Meet Amanda Gorman’s California successor as youth poet laureate: Alexandra Huynh
Early this year, when Amanda Gorman read “The Hill We Climb” at President Biden’s inauguration, it was a watershed moment on many fronts: a signal of unity in the wake of the Capitol attack; the emergence of a rising star at the age of 22, the youngest-ever person to become an inaugural poet; and a national spotlight on a new position of growing prominence: the national youth poet laureate.
Gorman was the first to hold that title, and last month she was succeeded by an 18-year-old with similar promise, Alexandra Huynh.
Huynh, an incoming first-year student at Stanford University, was raised by Vietnamese American immigrant parents in Sacramento — an experience that played a significant role in her poetry and her mission to connect cultures and work toward justice.
“When you hear the word ‘California,’ most people’s attention goes to Los Angeles or San Francisco,” Huynh said during a video interview earlier this month.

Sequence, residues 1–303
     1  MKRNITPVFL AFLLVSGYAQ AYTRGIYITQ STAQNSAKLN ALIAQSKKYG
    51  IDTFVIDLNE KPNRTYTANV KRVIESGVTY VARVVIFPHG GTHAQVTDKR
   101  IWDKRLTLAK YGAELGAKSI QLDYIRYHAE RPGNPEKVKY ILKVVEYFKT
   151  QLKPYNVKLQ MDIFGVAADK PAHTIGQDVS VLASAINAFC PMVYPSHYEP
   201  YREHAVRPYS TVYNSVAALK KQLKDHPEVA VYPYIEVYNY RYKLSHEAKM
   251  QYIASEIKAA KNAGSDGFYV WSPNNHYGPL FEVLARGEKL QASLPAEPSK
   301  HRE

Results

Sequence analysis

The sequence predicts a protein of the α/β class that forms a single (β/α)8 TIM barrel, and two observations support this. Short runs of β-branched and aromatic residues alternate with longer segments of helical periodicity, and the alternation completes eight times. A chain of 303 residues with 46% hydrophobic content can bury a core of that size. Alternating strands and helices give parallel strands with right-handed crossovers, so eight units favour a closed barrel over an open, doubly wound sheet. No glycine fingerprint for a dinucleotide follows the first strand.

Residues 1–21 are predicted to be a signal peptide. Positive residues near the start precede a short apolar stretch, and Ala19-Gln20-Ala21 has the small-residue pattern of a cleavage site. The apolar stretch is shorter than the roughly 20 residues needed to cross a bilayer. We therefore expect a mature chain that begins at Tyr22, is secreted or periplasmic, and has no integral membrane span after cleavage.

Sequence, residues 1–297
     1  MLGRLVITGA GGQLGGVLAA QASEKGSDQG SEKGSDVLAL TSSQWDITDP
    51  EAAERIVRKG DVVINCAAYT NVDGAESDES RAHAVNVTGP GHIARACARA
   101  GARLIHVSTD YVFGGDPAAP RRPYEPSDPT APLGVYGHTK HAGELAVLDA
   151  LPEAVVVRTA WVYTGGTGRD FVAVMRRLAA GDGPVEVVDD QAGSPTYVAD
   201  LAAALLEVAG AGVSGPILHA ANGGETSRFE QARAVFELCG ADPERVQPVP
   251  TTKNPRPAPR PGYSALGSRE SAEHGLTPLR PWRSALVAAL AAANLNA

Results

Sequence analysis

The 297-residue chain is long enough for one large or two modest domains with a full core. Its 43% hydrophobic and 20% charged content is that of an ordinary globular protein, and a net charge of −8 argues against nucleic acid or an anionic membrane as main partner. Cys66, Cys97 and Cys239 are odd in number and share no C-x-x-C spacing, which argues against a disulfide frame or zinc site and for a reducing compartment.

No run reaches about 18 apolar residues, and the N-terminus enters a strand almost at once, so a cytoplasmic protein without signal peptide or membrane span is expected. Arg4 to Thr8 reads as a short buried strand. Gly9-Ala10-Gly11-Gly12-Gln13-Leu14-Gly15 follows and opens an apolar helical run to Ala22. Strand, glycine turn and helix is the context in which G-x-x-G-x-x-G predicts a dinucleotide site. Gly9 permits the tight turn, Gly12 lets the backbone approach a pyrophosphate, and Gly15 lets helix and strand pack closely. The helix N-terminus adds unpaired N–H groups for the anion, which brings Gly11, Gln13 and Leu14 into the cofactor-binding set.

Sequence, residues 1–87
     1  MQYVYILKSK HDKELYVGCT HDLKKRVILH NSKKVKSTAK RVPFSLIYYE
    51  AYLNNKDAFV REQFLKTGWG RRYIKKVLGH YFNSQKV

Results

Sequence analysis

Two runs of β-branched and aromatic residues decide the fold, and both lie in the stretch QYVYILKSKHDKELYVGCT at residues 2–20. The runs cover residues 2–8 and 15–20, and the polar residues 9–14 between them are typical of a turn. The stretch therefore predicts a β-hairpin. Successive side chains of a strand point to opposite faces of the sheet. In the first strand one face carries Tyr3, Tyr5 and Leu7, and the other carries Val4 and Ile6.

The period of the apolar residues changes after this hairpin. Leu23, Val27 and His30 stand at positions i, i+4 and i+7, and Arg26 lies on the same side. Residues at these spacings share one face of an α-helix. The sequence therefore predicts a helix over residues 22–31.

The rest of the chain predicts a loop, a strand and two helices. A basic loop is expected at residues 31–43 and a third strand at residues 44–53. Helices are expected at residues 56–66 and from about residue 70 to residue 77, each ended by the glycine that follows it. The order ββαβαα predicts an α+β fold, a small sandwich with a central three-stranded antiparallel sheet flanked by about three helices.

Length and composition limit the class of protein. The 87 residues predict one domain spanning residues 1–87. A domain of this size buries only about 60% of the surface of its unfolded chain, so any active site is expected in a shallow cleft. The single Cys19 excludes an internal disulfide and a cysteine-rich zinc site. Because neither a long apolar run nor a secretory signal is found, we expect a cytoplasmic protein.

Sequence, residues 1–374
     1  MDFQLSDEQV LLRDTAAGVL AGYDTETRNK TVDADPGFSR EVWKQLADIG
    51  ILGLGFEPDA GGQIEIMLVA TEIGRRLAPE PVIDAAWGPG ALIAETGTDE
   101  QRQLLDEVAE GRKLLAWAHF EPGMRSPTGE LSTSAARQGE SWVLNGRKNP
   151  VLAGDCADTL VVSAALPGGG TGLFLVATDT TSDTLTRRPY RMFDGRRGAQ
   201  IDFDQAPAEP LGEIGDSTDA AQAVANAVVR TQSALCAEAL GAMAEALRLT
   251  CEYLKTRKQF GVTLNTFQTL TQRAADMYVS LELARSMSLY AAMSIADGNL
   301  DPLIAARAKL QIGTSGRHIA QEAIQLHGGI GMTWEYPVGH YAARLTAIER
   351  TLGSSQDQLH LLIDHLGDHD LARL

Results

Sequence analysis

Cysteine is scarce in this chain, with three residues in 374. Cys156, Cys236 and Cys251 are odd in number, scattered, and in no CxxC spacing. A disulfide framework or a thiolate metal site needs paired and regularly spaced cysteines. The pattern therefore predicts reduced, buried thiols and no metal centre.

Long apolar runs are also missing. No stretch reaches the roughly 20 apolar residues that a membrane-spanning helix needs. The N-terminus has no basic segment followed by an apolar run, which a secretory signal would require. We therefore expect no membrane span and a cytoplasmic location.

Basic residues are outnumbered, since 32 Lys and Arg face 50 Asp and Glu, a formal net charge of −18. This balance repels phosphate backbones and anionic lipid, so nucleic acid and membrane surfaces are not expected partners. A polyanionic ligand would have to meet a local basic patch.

“But I think that I have been incredibly privileged to grow up in Sacramento, because it’s home to such a diverse community of people of all races and ethnicities, but also backgrounds. Growing up in Sacramento has allowed me to move through the world with a greater appreciation for people and their stories.”
She became the national youth poet laureate at age 16; six years later, she read her poem at Joe Biden’s and Kamala Harris’ historic swearing-in.
Huynh said she was shy at the beginning of high school, but that changed when she realized she wasn’t alone. “I only discovered that Sacramento had a poetry community in my junior year,” she said. “Ever since then, I have just felt so welcome and so at home. Being a part of that community has contributed to my comfort and courage in sharing my story on a national stage.”
Now she sees her poetry as a way of paying homage to a family, a culture and a city for the values they have infused. “Vietnamese culture has taught me that family and community are the most important things because they make the highs higher and the lows not as low,” she says. “It’s really important for me to honor the culture that I’ve been brought up in.”
From a very young age, Huynh loved to sing. Her mother enrolled her in lessons.